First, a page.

PANNA: Resource Pointer #356 (Globalization: Critiques and Alternatives)


Pesticide Action Network Updates Service (PANUPS)

See PANUPS updates service, for complete information.

Resource Pointer #356 (Globalization: Critiques and Alternatives)
26, 2004

For copies of the following resources, please contact the appropriate publishers or organizations directly.

*Worlds Apart: Civil Society and the Battle for Ethical Globalization, 2003* John D. Clark. Surveys both sides of the globalization debate and critically assesses the impact of globalization on poorer populations. Discusses the role of global civil society and governance including institutions such as the World Bank and non-governmental organizations (NGOs). Presents ethical globalization as an alternative framework capable of bridging the opposing sides of the debate. 288 pages. US $24.95. Contact Kumarian Press, Inc., 1294 Blue Hills Avenue, Bloomfield, CT 06002; phone (860) 243-2098; fax (860) 243-2867; email; Web site

*Another World is Possible: Popular Alternatives to Globalization at the World Social Forum, 2003* William F. Fisher and Thomas Ponniah (editors). Counters the popular belief that globalization is inevitable and without alternatives by demonstrating the growing solidarity of the global justice movement. Presents themes and key issues from the World Social Forum. 384 pages. US $19.95. Contact Zed Books, 7 Cynthia Street, London N1 9JF, UK; phone (44 0207) 837-4014; fax (44 0207) 833-3960; Web site

*Making Global Trade Work For People, 2003* United Nations Development Programme (UNDP), Heinrich Boll Foundation, Rockefeller Brothers Fund, Rockefeller Foundation and Wallace Global Fund. Assesses global trade organizations from a human development perspective and concludes that the traditional model of trade liberalization does not contribute to economic growth or human development. Proposes a number of reforms global trade institutions should adopt and cites specific policy areas including agriculture, commodities, textiles and clothing, and environment. 342 pages. UK £18.95. Contact Earthscan Publications Ltd., 120 Pentonville Road, London, N1 9JN, UK; phone (44 01 90) 382-8800; fax (44 02 07) 278-1142; email; Web site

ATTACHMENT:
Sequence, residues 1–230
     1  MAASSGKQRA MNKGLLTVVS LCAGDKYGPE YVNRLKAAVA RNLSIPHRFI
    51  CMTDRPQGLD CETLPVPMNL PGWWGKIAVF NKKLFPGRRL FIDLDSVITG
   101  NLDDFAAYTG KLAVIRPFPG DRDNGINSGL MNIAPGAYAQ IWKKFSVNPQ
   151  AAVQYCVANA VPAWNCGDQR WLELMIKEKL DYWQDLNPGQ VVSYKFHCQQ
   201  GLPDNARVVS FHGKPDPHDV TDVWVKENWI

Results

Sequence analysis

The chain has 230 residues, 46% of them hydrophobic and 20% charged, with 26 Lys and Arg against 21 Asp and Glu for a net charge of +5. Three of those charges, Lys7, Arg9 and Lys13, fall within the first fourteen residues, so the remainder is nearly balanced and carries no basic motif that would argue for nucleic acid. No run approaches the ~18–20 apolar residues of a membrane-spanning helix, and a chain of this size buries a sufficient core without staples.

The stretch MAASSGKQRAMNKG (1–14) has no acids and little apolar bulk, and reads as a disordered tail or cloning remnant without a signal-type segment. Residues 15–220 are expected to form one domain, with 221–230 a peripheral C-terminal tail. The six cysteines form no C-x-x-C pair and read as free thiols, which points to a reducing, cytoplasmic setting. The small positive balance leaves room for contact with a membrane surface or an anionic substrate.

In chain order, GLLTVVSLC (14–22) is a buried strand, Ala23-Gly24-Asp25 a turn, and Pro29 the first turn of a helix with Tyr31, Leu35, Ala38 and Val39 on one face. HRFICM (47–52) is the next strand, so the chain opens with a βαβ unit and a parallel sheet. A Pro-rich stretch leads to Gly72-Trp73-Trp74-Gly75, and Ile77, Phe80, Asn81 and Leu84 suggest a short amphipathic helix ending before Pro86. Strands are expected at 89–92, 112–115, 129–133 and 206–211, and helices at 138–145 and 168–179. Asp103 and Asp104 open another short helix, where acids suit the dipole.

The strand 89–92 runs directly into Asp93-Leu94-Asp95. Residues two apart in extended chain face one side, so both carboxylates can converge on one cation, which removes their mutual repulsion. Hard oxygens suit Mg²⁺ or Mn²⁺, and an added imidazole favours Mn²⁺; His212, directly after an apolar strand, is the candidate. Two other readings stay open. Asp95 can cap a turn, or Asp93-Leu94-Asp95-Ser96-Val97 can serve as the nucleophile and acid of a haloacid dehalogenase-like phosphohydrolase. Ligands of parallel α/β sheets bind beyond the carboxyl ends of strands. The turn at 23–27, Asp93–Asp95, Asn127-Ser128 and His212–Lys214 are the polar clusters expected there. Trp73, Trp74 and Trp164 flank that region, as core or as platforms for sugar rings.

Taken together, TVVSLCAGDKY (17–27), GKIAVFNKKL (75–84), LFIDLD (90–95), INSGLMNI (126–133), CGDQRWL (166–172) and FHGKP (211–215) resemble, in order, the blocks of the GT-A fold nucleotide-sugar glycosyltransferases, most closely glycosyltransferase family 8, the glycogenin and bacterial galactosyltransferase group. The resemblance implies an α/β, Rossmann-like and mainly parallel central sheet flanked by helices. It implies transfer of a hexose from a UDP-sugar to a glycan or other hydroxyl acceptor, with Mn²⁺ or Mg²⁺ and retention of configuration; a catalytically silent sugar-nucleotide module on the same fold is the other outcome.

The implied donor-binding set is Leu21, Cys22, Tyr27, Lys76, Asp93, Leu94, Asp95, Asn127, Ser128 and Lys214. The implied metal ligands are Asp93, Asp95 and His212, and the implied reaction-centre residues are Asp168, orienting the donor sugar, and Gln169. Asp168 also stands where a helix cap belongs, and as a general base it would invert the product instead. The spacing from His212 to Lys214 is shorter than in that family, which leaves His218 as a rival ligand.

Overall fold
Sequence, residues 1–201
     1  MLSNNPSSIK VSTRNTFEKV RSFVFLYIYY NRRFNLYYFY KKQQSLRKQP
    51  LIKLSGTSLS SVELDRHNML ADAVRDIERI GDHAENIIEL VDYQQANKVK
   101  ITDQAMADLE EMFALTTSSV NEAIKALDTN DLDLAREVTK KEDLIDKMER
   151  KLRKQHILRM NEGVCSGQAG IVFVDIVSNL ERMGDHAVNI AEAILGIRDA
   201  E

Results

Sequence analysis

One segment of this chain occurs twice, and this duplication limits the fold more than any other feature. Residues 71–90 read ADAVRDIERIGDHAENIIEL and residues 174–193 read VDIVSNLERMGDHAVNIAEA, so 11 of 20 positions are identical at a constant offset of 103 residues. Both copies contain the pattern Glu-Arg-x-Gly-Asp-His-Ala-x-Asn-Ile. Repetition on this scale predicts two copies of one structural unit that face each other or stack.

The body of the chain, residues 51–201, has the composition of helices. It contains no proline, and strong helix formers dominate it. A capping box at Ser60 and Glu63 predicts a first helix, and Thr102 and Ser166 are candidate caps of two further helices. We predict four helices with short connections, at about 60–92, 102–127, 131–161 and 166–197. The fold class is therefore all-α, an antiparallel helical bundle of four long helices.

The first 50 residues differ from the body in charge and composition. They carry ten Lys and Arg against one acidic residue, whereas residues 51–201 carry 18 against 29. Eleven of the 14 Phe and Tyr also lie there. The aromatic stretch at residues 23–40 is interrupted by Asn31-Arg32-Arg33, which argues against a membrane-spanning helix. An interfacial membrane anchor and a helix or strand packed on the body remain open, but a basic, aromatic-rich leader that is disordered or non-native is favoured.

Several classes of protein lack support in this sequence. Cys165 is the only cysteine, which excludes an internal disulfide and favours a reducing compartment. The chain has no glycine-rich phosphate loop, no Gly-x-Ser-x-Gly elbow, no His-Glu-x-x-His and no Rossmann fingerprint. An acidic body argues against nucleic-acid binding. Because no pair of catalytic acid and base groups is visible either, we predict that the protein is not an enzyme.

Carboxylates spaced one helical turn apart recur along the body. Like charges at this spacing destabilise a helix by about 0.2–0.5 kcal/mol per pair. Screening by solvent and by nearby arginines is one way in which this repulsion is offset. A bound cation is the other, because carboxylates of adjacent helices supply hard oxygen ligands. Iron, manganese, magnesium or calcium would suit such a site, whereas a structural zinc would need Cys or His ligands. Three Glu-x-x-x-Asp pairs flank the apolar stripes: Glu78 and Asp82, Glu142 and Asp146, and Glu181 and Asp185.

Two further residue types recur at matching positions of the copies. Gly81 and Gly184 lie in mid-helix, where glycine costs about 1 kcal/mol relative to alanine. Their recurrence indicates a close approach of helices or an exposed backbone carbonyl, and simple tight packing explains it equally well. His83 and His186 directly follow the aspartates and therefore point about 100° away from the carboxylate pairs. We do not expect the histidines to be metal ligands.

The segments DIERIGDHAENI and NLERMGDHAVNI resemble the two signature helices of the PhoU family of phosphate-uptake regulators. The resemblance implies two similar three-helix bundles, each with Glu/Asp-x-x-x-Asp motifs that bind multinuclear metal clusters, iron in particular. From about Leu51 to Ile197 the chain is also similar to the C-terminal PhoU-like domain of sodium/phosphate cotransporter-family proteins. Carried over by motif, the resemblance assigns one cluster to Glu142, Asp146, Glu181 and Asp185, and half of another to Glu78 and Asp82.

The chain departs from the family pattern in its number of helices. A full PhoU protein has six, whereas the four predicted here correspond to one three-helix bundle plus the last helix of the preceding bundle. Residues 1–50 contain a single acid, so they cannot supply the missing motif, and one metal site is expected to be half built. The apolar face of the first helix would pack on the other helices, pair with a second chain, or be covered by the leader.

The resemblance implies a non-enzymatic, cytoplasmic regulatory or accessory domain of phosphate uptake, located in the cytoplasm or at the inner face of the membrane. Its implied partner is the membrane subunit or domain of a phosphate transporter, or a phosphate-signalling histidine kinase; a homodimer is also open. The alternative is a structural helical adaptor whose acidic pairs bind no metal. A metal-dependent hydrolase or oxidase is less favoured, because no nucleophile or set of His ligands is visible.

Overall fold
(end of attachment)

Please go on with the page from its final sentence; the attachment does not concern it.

*Globalization and Its Discontents, 2002* Joseph E. Stiglitz. Critically examines the international financial institutions underlying globalization including the International Monetary Fund (IMF), the World Bank, and the World Trade Organization (WTO). Demonstrates the shortcomings of these institutions using case studies such as the economic failures in East Asia and Russia. Analyses the motivations of global institutions and proposes an alternative framework for investment directed at development. 288 pages. US $15.95. Contact W.W. Norton and Company, Inc., 500 Fifith Avenue, New York, NY 10110; phone (212) 354-5500; fax (212) 869-0586; Web Site

*Intrinsic Consequences of Economic Globalization on the Environment, 2002* International Forum on Globalization (IFG). Interim report released for the UN’s World Summit on Sustainable Development. Asserts environmental and social sustainability cannot be achieved under the current global corporate development model. Sites the ideologies, structures, institutions, and corporations driving globalization as inherently destructive to the environment and the social and economic welfare of developing nations. Uses examples of resource mismanagement to demonstrate this assertion including forests, fresh water, mineral and oil extraction, fisheries, and agriculture.194 pages. US$15. Contact IFG, 1009 General Kennedy Ave. #2, San Francisco, CA 94129; phone (415) 561-7650; fax (415) 561-7651; email; Web site

We encourage those interested in having resources listed in the PANUPS Resource Pointer to send review copies of publications, videos or other resources to our office.

PANUPS is a weekly email news service providing resource guides and reporting on pesticide issues that don’t always get coverage by the mainstream media. It’s produced by Pesticide Action Network North America, a non-profit and non-governmental organization working to advance sustainable alternatives to pesticides worldwide.

You can join our efforts! We gladly accept donations for our work and all contributions are tax deductible in the United States. Visit



Back to top